php artisan make:model Setting --migration

// in your migration file...
Schema::create('settings', function (Blueprint $table) {
$table->increments('id');
$table->string('name')->unique();
$table->string('value')->nullable();
});

// in your model class...
class Setting extends Model {
  protected $guarded = [];

public $timestamps = false;
}

Now we just need a ServiceProvider:

php artisan make:provider SettingsServiceProvider

<?php namespace App\Providers;
use Illuminate\Support\ServiceProvider;
use Illuminate\Support\Facades\Schema;
use App\Setting;
class SettingsServiceProvider extends ServiceProvider{
  public function boot(){
if(Schema::hasTable('settings')){
$settings = Setting::all()->pluck('value', 'name')->all();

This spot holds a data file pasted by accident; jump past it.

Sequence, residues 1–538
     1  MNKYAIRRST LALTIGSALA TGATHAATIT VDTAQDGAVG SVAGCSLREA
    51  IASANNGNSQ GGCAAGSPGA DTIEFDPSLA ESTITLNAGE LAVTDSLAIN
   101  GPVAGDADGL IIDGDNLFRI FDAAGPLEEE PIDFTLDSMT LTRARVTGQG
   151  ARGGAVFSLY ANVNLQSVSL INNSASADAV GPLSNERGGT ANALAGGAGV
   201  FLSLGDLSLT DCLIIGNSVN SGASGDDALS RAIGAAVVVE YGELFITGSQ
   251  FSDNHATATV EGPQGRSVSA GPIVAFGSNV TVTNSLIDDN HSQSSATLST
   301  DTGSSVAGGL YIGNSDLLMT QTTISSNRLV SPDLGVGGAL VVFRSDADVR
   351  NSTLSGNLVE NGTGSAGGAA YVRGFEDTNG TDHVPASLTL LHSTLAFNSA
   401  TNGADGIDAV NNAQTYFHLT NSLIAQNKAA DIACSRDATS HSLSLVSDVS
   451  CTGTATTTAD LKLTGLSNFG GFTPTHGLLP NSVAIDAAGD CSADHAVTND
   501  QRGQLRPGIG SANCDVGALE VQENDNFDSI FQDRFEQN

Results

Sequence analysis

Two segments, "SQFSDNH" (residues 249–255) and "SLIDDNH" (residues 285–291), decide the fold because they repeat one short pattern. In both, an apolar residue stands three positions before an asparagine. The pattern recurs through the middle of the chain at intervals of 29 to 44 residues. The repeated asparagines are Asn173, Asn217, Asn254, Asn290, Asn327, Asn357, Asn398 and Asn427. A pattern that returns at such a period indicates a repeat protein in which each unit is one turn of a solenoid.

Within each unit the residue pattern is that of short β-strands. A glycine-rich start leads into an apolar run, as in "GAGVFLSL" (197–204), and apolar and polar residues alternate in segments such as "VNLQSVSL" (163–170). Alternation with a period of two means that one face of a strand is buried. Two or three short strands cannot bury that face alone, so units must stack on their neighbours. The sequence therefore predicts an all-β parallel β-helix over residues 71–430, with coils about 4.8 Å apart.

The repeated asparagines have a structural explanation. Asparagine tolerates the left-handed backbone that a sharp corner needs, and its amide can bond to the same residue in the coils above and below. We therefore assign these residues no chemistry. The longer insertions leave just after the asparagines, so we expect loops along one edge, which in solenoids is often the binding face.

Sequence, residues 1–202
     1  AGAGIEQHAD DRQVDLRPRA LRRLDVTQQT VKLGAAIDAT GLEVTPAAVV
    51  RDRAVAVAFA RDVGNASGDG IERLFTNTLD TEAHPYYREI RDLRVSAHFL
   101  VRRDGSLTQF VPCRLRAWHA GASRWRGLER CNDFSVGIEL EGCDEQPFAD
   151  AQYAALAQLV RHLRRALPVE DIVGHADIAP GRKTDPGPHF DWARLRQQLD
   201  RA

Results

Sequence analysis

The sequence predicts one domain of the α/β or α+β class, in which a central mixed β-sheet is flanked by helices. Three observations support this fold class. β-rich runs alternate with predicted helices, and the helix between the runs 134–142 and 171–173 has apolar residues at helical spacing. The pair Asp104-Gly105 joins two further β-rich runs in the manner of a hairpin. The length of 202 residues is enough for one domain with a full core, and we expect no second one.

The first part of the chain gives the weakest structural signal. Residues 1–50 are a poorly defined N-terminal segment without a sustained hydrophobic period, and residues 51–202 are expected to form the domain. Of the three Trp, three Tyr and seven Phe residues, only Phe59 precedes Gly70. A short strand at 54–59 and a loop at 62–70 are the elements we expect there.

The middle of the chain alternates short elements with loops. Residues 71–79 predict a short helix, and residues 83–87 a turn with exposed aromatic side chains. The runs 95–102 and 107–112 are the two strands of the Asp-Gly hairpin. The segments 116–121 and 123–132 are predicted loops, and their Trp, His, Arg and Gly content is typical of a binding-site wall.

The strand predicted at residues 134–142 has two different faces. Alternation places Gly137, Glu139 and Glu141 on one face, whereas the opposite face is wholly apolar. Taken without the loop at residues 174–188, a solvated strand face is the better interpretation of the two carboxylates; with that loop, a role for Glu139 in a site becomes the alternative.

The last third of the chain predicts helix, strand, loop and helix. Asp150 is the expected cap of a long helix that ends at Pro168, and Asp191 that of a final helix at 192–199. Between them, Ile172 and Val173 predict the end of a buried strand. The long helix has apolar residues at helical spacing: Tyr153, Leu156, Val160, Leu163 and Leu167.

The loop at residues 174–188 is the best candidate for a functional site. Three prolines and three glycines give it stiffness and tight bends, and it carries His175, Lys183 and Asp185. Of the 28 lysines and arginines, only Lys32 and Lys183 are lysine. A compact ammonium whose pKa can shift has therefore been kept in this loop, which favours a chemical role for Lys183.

config()->set('settings', $settings);
}
}
  public function register(){
//
}
}

Now we can register the new provider in config/app.php and we are done!

10. Embrace FormRequest classes

FormRequest classes are great, but are you really embracing them? Let me show you one of mine:

What this class does is actually not very important. The interesting parts are the three functions that I am overriding. They can help you making a FormRequest class really powerful, so let’s go through them:

  • prepareForValidation(): this function gets called before the validation of your request data. You can use it to aggregate or format a request. For example, if you send your request from your JavaScript, you might have a date value that you want to format correctly. This method would be the ideal place to adjust your date values with Carbon before validating everything.